This data from the NYT database lists all cases since the beginning of the pandemic, not just this semester:
University of Virginia President Jim Ryan addressing the Board of Visitors in a virtual meeting.
by James A. Bacon
The major challenge facing the University of Virginia this fall was controlling the spread of the COVID-19 virus when reconvening for the new academic year. With a combined student and employee population of about 45,000 the UVa administration had a gargantuan task. Fear was running rampant. Many people thought the university’s decision to reopen was reckless. Some told President Jim Ryan he would have blood on his hands.
Like other public universities in Virginia, UVa plowed ahead. The normally hide-bound institution moved more nimbly than anyone thought it was capable of. Professors and grad students took crash courses on virtual learning and converted their classes to an online or hybrid virtual/in-person format. The health system ramped up testing capacity. A COVID call center was set up, contract tracers were organized, and isolation/quarantine rooms were set aside in student housing.
The result: Between move-in day and Thanksgiving, UVa had confirmed 1,250 cases in the university community, mostly among students. Zero students were hospitalized. Only seven non-students were hospitalized. There was no evidence of transmission in classrooms, nor from UVa students to members of the community, Ryan told the Board of Visitors in its December meeting today. The percentage of positive hits on the tests declined through the semester even as it was rising across Virginia. “We learned we can do hard things,” he said. “Everyone rose to the challenge.” Continue reading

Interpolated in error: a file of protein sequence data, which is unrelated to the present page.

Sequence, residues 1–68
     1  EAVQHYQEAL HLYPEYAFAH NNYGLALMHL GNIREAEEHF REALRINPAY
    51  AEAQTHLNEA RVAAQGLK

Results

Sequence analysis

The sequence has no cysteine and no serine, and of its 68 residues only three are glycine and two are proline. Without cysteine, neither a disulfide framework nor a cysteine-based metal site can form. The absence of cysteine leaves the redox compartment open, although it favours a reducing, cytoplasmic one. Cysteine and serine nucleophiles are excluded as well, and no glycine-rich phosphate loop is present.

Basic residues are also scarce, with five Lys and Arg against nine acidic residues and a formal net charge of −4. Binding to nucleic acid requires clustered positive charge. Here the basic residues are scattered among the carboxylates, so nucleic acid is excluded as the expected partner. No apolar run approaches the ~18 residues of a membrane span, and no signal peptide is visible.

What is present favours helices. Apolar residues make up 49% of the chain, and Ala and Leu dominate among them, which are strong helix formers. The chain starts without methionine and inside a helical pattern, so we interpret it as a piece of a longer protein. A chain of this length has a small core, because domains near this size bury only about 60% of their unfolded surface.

Vacation-home share of housing, 2018. Credit: StatChat blog
by James A. Bacon
Virginia has more than 88,000 vacation homes, about 2.5% of all homes in the Commonwealth, according to the University of Virginia’s Demographics Research Group. These “seasonally vacant homes” intended mainly for recreational use are overwhelmingly located in amenity-rich rural locales along the Chesapeake Bay, the Blue Ridge and Allegheny Mountains, or man-made lakes.
Moreover, reports StatChat, the vacation share of housing has increased since 2018 in most jurisdictions — more than 7.5 percent in some cases.
Bacon’s Rebellion has argued that Virginia’s rural counties should position themselves as destinations for retirement and vacation housing as an economic development strategy. Retirement and rental properties boost the tax base and create service jobs in localities where employment opportunities are otherwise scarce. Continue reading
Credit: Don Harder on Flickr
by James A. Bacon
If today’s Wason Center poll results are any indication, more than half of Virginia parents have children in school systems delivering instruction online, about one fourth have children in hybrid online/in-person schools, and only one in eight have children receiving in-person education.
The Northam administration has released no estimates of its own, an exercise that would entail tabulating figures from the state’s 134 school system. The Wason Center, affiliated with Christopher Newport University, conducted 906 interviews in mid November. Thirty-four percent had children in schools. Of those:
12% had children receiving in-person instruction only
56% had children receiving online instruction only
27% had children receiving a mix of online and in-person
3% were home schooling their children
With an effective sample of only 300 or so parents, there’s probably a fairly wide margin of error, but that’s the only statewide estimate I’ve seen so far. Continue reading
Chicago teachers strike, 2019. Credit: Orinoco Tribune
by James A. Bacon
The Wason Center at Christopher Newport University issued a new poll today which finds, among other things, that Virginians favor collective bargaining rights for public employees by a whopping 68% to 25% margin.